Under Articles 224 (3) and 124 (2) of the Constitution, the retirement age of High Court Judge is 62 years and for Supreme Court judge it is 65 years. Rising the retirement age will require a Constitutional amendment. At present the Supreme Court has its full strength of 31 judges. But in High Courts, about 400 posts are vacant and it may take two to three years to fill up these vacancies.
It was in this context the CJI Gogoi wrote to Prime Minister for increasing the strength of judges in the apex court. The CJI has pointed out that it was in 1988, the strength of judges was increased from 18 to 26 and in 2009 it was further increased to 31 judges.
The Supreme Court currently has a pendency of more than 58,000 cases. The CJI in his letter has stated that inadequate judge strength is holding back the CJI from constituting Constitution Benches to hear cases concerning the interpretation of the Constitution.
Another letter from the CJI has sought for giving fixed tenure appointments to retired SC and HC judges as per Articles 128 and 224A of the Constitution respectively in order to tackle the issue of mounting case arrears. With more than 43 lakh cases pending in the 24 HCs, Justice Gogoi said, “One of the prime reasons why we are not able to contain the ever-growing pendency is shortage of HC judges. At present, 399 posts, or 37% of sanctioned judge-strength, are vacant. The existing vacancies need to be filled immediately. However, despite best efforts put in by all stake holders, it has not been possible to appoint judges to bring the working judge-strength anywhere close to the sanctioned judge strength”.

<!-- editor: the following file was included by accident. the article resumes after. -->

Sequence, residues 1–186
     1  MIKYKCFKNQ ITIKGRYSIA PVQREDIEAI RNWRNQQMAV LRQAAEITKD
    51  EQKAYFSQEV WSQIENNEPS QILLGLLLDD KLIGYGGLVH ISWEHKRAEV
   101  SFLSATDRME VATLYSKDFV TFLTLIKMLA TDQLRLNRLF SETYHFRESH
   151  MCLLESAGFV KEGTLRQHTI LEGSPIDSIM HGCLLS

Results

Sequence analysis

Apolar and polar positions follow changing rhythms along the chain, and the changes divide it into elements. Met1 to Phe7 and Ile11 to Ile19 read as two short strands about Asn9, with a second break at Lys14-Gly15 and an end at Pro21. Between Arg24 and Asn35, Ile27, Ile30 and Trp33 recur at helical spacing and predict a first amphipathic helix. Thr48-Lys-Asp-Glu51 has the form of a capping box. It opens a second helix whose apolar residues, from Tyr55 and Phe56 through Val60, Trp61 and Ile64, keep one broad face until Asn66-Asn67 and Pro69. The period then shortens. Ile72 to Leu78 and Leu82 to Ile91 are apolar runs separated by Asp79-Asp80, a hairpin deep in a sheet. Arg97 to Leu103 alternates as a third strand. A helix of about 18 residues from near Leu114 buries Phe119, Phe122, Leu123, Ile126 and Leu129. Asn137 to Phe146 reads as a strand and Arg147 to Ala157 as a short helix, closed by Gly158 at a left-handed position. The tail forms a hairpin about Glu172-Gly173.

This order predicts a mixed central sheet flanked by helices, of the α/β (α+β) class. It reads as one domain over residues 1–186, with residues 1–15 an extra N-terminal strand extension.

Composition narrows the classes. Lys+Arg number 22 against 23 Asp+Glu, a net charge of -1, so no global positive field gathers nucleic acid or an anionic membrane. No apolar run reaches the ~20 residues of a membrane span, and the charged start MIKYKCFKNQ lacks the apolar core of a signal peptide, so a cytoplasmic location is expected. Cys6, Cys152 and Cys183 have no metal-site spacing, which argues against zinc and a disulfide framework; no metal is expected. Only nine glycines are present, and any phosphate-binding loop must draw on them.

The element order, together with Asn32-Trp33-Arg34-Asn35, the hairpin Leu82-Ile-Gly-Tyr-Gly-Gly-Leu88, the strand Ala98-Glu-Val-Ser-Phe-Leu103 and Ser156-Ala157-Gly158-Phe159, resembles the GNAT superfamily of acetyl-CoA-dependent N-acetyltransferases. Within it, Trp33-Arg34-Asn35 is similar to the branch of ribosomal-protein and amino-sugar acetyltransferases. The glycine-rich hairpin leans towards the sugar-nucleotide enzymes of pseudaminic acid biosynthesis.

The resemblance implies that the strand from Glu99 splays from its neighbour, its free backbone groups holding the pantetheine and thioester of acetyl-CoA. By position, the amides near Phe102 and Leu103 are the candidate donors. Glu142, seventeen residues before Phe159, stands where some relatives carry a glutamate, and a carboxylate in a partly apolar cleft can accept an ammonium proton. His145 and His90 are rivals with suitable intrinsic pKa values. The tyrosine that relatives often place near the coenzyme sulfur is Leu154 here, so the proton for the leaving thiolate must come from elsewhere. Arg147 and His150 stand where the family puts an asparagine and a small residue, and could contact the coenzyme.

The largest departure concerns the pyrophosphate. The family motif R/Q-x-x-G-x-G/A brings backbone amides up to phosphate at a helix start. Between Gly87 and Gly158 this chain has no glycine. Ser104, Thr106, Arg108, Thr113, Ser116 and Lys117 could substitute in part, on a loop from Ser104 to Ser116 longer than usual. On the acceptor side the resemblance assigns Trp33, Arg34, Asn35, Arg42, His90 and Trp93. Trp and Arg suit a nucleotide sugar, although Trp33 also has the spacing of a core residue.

The points raised by the CJI for protecting judicial independence are not just a matter for judges and lawyers and the judicial institution but a matter which concerns our Constitution and democratic system, and is the concern of all citizens and the nation itself.
It should be pointed out that for the last 2 to 3 years there had been a lot of talk within the legal fraternity, as also the rights community and democratically minded citizens over increasing attempts to politicise and influence the judiciary, by way of undue influence of the process of appointments of judges, manner of constitution of benches, allocation of cases and so on.
Time has come for the nation to seriously introspect and openly discuss these issues to ensure that the Indian Judiciary remains a truly independent institution. The judiciary is an important bulwark against attempts to dilute, change and limit the fundamental and constitutional rights of Indian citizens and against majoritarian tendencies that seek to undermine our constitutional values of Liberty, Equality, Democracy, and Secularism.